Fired up after a close loss at Martinsville, four-time Cup champion Jeff Gordon is off to the best start of his 14-year career
LIFE, FOR a moment, wasn't good for Jeff Gordon. He may have a supermodel for a wife, a baby girl due in June, a swanky new apartment in Manhattan and the points lead in the Nextel Cup standings, but late on Sunday afternoon Gordon was anything but contented. He had just finished second—by .065 of a second—to his Hendrick Motorsports teammate Jimmie Johnson in the Goody's Cool Orange 500 at Martinsville Speedway, and the normally even-keeled Gordon was furious that he had lost. He cursed, he kicked a water bottle, and he ignored fans asking for autographs. For a moment the rarely seen intensity of a driver who has won 75 Cup races, four titles and nearly $85 million in prize money was on display. Second place clearly isn't good enough for Gordon, not this year, not when he has finally developed pitch-perfect rapport with his crew chief, Steve Letarte, and emerged as a title favorite.
"[Johnson] is the guy to beat," Gordon said. "He's winning races now, and we're not.... I'm not happy."
Gordon should be delighted, though, with the performance of Letarte, a 27-year-old who first met him when Letarte was 16 and sweeping floors at the Hendrick shop. In September '05 Letarte replaced Robbie Loomis as Gordon's crew chief after Gordon missed the Chase. Letarte and Gordon won two races last season, but Gordon wasn't comfortable in his number 24 Chevy for much of the year, complaining of handling problems. Though the duo finished a disappointing sixth in the Chase in their first full year together, they used the final 10 races of '06 to hone the setup of Gordon's car. The result has been the No. 1 story line of the '07 season. Through six races Gordon's average finish is an eye-popping 5.2—his best start in his 14-year career—and he holds a 28-point advantage over Jeff Burton in the standings.
"We're making better adjustments to the cars, and I'm gaining more confidence in calling races," Letarte said on Sunday. "Our team is coming together."
Indeed, the number 24 car was so fast all weekend at Martinsville that Chad Knaus, crew chief for reigning Cup champ Johnson, approached Letarte on the eve of the race with a question: Can you help me? Gordon's and Johnson's teams are housed under the same roof at Hendrick headquarters in Charlotte, and Letarte and Knaus have an open-book policy. After practice last Saturday morning Johnson was 43rd—dead last—on the speed chart. Knaus asked Letarte about the setup he was using on Gordon's car, and Letarte printed out all of the data for the number 24 and handed the sheet to Knaus, who then implemented Gordon's setup on Johnson's car, shock for shock, tire pressure for tire pressure.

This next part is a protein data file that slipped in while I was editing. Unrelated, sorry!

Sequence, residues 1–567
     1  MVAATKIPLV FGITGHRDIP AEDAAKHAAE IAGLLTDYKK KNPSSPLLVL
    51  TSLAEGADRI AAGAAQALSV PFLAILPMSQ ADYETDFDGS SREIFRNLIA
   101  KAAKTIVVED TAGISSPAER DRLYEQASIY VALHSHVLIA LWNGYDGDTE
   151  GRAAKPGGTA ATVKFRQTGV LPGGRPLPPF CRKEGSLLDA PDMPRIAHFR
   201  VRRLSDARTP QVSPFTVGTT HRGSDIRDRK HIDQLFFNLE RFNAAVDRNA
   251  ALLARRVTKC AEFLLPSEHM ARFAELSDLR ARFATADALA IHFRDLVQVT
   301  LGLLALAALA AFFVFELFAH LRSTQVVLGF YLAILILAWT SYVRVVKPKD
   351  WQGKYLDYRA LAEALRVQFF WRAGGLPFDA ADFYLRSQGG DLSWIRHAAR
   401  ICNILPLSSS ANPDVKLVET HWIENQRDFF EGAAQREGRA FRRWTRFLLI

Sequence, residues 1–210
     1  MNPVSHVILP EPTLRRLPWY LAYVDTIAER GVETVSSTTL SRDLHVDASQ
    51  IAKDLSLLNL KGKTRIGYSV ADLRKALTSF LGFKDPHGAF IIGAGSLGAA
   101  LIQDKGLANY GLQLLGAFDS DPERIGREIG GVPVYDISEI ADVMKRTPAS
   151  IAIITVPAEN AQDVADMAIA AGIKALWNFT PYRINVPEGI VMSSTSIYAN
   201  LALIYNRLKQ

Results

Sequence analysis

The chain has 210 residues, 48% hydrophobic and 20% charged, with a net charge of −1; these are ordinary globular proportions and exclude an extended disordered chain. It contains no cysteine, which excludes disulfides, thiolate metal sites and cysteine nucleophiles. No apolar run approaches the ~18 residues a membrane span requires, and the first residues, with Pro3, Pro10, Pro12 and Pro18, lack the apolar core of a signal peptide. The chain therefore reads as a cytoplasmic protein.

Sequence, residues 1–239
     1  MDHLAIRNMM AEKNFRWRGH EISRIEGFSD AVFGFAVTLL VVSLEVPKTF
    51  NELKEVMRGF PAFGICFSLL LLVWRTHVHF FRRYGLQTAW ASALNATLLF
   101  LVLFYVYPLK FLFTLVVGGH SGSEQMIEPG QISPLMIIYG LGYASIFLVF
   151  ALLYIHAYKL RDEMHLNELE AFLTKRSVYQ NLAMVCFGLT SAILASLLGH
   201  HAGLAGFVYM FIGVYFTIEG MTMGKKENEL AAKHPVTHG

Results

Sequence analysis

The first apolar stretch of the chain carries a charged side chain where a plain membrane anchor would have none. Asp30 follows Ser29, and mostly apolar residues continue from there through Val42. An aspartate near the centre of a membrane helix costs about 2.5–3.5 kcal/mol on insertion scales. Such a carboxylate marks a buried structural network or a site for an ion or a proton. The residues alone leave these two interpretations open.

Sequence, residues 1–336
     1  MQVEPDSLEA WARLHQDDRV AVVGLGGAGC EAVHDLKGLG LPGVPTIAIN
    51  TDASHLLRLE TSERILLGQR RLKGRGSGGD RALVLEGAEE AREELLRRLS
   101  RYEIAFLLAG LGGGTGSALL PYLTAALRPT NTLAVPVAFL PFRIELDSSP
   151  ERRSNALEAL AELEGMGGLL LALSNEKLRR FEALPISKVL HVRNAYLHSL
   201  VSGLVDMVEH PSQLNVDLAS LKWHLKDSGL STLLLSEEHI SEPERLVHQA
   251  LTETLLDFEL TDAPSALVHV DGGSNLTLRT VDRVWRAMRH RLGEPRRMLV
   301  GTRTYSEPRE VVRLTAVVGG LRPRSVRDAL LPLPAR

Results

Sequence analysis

"Steve has now got a really good feel for what Jeff needs in his car," says Knaus. "It takes time to develop that feeling, but he's got it and those guys are really clicking right now."
They are. But on Sunday, as Gordon was leaving the track, he was still shaking his head while he trudged through the dusk. Note to the other drivers: He looked very much like a man determined not to be in anyone's shadow, teammate or not.
ONLY AT SI.COM Lars Anderson's Cup analysis every Tuesday and Friday.
1 The stock car education of Juan Pablo Montoya (right) continues to proceed much faster than expected. On Sunday, Montoya was once again aggressive (he nudged Tony Raines into the wall on lap 375) and impressive (he finished 16th). It appears almost certain that the rookie will win at least one race this season.
2 The biggest disappointment of the season so far? Kasey Kahne. In 2006 Kahne had more wins (six) than any other driver. This year his races have begun to resemble his disaster-filled TV commercials for Allstate. On Sunday he struggled again with an ill-handling car and finished 25th. Kahne is 34th in the standings, and his slow start is symptomatic of the aerodynamic woes that have afflicted all the Dodge teams. At Martinsville, for example, only one Dodge driver finished in the top 10 (Scott Riggs, eighth).
3 The drivers' complaints about the Car of Tomorrow—namely, that it doesn't turn well through the corners—weren't as loud after Martinsville as they were at Bristol on March 25. After two events the CoT has proved to be structurally sound, and there has been no drop in the quality of the racing. SI's early grade for the CoT? B plus.